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What do you need to know about liver disease?

Many types of illnesses and diseases affect people pretty much the same across the board. A temporary illness, like the flu, usually makes a person nauseous, weak and generally unable to do much of anything for a few days. A chronic disease, like cancer, can make a person's body seem to waste away as they fight the disease and go through seemingly unending treatments. Liver disease, however, affects people in many different ways and isn't always the easiest of diseases to diagnose.

Many of our Los Angeles readers probably know that the consumption of alcohol is one of the leading causes of liver disease. But every person is different, and some may develop liver disease from alcohol consumption much more quickly than another person will. For some people, liver disease from alcohol consumption can begin after five to 10 years of regular, daily alcohol use. For others, it may take 20 to 30 years.

Hepatitis is another common health condition that leads to liver complications. There are a variety of different hepatitis viruses, but most target the liver, leading to inflammation and other sorts of damage to liver cells.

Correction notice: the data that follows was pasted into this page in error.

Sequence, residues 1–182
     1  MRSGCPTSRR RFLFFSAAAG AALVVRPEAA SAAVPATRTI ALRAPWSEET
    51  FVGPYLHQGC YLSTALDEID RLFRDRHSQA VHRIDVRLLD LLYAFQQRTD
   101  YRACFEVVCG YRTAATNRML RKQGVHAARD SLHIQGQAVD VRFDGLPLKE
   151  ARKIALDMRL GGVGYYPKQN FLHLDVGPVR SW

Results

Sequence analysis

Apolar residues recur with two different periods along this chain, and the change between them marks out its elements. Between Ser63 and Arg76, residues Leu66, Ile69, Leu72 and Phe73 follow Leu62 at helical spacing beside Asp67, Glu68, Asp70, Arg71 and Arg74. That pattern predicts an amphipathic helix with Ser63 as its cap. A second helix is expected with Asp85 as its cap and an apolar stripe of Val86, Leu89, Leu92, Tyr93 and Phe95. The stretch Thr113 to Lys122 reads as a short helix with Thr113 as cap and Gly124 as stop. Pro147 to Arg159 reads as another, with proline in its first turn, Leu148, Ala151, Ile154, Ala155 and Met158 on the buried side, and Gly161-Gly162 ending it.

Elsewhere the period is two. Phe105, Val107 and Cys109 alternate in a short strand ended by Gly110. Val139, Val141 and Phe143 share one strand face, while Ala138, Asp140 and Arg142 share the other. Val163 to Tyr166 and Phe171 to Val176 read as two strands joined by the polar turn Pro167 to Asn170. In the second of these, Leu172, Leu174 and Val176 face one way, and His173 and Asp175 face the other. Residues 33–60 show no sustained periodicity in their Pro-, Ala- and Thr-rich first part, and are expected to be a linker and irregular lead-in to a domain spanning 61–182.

One of the most mystifying aspects of liver disease is that in many cases there simply aren't any symptoms. Some people have liver disease and probably don't even know it. However, advanced stage liver disease can be completely debilitating, and often fatal. Some people do exhibit visible signs of what might be liver disease though, such as yellowing skin or eyes. Some people with liver disease will also experience an increase in fatigue, or even excessive itching. When liver disease begins to limit a person's ability to work, there is a possibility that the person could qualify for Social Security Disability benefits.

Source: www.uihealthcare.org, "Liver Disease: Frequently Asked Questions," accessed on Feb. 1, 2015

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